Kleeer: Get Tough: The Kleeer Anthology 1979-1985 (Big Break Records)

kleeer anthology

Get Tough: The Kleeer Anthology 1979-1985
Big Break Records/Cherry Red

The New York band Kleeer excelled in making soulful, dance-floor ready numbers that blended the finest elements of disco, R&B, Soul, and funk. Formed in the early 1970s as The Jam Band, the band would go through a number of permutations, including Pipeline and The Universal Robot Band, before settling down with the name Kleeer in 1978. The quartet would then go on to a prolific career, releasing seven albums in six years. Though they never had a major hit, they consistently performed well enough to have a low-key and loyal following that would bring them to the top 100 most of the time. Get Tough: The Kleeer Anthology is two discs of the band’s highlights, and wonderfully documents the band as it traversed musical styles.

In 1979, Kleeer debuted, bringing two albums of hearty disco with them. Initially, the band took the route of many disco groups of the time, going for a somewhat anonymous appearance. Understandable, too, as the group was segmented with a rotating crew of male and female backing vocalists—including Luther Vandross—and identity was harder to pin. No matter, though; I Love To Dance and Winners were of a pair—groove-heavy epic disco numbers perfect for any party occasion. “I Love To Dance” is an outstanding number that travels the world for a multiculti tribute to the dance floor, while “It’s Magic and “Tonight’s The Night” are superior groovers. Winners’ material was similar, but the band showed more of their soul side on “Open Your Mind” and “Your Way.”

Kleeer must have realized that they were late to the game and that disco was a passing fad; by their third album, 1981’s License To Dream, they had ditched the disco for an upbeat form of R&B that built upon the previous decade’s styles, while delivering something fresh and new.“Get Tough,” an epic eight minute dance jam, is far removed from their earlier work, with more emphasis on soulful vocals, but it’s a definite transition between the decades. “Running Back To You” and “License To Dream” are straight-up R&B, with vocalist Woody Cunningham providing some of his most powerful vocals in Kleeer’s catalog.

Much like their first two records, their next two albums appeared in 1982. <I>Taste The Music</i> was the lesser of the two, as it found the band being more experimental. “Taste The Music” is a funk track that owes a bit to both Kraftwerk and George Clinton, while “De Thing Continues” is noticeably an attempt to mimic Sugarhill Gang’s “Rapper’s Delight,” and while its groove is excellent, its vocals simply are too derivative of the original. “Wall To Wall” is a fine mid tempo funk number, <I>Get Ready</I> is more satisfying, as “Say You’ll Stay” and “She Said She Loves Me” two ballads  more in line with their R&B direction, both heartfelt ballads. The lesser moments don’t detract, but they do feel like explorations into areas that were somewhat out of their reach.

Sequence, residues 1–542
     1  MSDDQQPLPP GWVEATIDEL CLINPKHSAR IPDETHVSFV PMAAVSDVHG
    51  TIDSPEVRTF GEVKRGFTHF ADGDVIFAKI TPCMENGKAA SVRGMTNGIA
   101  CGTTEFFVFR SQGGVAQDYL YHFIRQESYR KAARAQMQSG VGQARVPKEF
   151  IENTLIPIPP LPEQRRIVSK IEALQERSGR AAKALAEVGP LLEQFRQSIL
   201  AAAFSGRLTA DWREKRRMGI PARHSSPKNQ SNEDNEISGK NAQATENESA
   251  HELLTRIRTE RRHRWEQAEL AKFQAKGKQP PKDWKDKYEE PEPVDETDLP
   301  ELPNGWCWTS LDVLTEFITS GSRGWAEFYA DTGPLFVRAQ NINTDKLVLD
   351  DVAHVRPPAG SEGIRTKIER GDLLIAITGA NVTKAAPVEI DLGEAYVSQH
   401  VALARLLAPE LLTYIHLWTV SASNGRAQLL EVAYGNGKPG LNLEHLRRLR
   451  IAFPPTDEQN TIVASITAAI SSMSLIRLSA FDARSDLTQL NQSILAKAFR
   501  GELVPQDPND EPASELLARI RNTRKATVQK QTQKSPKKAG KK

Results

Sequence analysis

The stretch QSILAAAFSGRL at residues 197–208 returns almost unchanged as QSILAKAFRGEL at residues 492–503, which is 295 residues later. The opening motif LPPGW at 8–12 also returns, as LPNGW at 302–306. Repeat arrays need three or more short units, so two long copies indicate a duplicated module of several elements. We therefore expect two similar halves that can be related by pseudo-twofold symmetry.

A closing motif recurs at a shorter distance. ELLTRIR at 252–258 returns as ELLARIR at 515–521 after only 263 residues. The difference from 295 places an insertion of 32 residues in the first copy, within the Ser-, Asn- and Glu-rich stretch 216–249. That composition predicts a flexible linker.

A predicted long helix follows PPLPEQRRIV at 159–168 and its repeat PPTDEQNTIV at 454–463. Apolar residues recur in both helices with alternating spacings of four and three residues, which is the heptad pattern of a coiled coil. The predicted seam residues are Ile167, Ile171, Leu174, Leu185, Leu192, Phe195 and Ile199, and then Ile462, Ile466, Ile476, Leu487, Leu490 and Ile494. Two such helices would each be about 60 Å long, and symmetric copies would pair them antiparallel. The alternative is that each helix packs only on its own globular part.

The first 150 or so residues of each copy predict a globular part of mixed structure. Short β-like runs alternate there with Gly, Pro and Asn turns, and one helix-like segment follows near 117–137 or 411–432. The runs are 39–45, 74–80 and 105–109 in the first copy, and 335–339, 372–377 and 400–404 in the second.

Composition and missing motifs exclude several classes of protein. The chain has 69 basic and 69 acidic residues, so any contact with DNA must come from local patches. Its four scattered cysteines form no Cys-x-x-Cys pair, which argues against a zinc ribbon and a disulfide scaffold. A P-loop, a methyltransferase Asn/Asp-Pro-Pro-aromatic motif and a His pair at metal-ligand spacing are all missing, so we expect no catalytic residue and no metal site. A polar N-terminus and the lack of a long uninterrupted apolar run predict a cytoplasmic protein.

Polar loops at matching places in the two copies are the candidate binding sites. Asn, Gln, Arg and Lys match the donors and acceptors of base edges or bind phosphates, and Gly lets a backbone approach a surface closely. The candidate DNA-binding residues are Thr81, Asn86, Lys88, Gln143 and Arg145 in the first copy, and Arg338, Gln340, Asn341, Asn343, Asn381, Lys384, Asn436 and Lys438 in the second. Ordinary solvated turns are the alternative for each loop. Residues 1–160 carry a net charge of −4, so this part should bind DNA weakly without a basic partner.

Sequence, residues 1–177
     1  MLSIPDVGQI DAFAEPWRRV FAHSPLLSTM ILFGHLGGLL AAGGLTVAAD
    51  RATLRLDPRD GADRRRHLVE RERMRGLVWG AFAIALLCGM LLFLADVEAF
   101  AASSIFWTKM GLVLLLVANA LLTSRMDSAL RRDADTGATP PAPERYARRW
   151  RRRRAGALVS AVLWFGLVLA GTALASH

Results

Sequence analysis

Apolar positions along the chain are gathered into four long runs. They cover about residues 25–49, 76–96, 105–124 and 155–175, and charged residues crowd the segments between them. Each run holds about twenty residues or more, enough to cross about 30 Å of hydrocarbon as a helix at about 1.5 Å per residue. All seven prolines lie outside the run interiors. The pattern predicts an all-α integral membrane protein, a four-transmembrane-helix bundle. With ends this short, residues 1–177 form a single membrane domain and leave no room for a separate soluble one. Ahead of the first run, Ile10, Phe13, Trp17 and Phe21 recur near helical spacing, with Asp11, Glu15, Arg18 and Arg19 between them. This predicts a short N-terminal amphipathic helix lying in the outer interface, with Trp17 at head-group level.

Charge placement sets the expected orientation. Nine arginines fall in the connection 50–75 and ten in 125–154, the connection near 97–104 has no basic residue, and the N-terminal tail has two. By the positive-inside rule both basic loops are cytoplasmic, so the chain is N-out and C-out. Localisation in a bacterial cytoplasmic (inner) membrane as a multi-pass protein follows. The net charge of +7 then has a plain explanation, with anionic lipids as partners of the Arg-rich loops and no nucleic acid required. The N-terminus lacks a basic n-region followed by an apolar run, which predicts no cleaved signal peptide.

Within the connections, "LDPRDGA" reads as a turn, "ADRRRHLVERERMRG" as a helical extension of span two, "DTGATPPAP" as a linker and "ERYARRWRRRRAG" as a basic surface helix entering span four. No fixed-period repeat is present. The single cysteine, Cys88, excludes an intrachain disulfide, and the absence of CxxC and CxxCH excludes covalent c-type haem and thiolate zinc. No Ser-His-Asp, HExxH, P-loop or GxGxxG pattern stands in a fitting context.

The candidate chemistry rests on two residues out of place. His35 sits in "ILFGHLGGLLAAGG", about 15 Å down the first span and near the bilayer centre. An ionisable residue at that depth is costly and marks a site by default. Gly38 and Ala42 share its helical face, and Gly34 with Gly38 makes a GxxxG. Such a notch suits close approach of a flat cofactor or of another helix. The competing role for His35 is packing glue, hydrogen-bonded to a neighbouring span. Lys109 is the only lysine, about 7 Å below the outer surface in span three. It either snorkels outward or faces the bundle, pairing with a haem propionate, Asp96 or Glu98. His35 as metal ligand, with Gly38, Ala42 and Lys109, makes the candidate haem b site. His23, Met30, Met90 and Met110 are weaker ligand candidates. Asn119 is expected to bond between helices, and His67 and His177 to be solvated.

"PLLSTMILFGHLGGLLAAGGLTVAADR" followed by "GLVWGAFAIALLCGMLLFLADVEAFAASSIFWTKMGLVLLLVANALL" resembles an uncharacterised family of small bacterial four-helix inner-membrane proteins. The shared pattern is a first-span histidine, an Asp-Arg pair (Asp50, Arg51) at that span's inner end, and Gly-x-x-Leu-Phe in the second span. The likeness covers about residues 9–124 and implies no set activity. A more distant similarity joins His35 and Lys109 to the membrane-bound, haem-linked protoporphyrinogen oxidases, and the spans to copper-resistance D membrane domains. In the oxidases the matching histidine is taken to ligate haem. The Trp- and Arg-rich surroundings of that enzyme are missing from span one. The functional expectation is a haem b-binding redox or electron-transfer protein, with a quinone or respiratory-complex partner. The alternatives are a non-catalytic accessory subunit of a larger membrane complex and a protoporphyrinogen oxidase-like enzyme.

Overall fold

Even though these attempts at experimenting with new sounds might not have worked, by their sixth album, Intimate Connection, they have mastered the futuristic funk/R&B combination that they’re obviously trying to accomplish. “Intimate Connection” is a smooth ballad, while “Tonight” is a funk/techno combination, a futuristic combination of vocoder and synthesizer beat, a combination that’s quite appealing. Their final album, Seeekret, would come in 1985, and the band’s sound is an excellent take on contemporary R&B, part slow groove (“Lay You Down EZ”) and part uptempo pop. If anything, “Seeekret” and “You Got Me Rockin’” predict the forthcoming New Jack Swing trend that would dominate the late 80s and early 90s R&B.

Seeekret didn’t do nearly as well as its predecessors, and shortly after the album’s release, they would quietly disband, moving on to other projects. But the history was clear; Kleeer was a band that had left its mark, and Get Tough highlights the illustrious yet somewhat forgotten catalogue of an excellent dance group.

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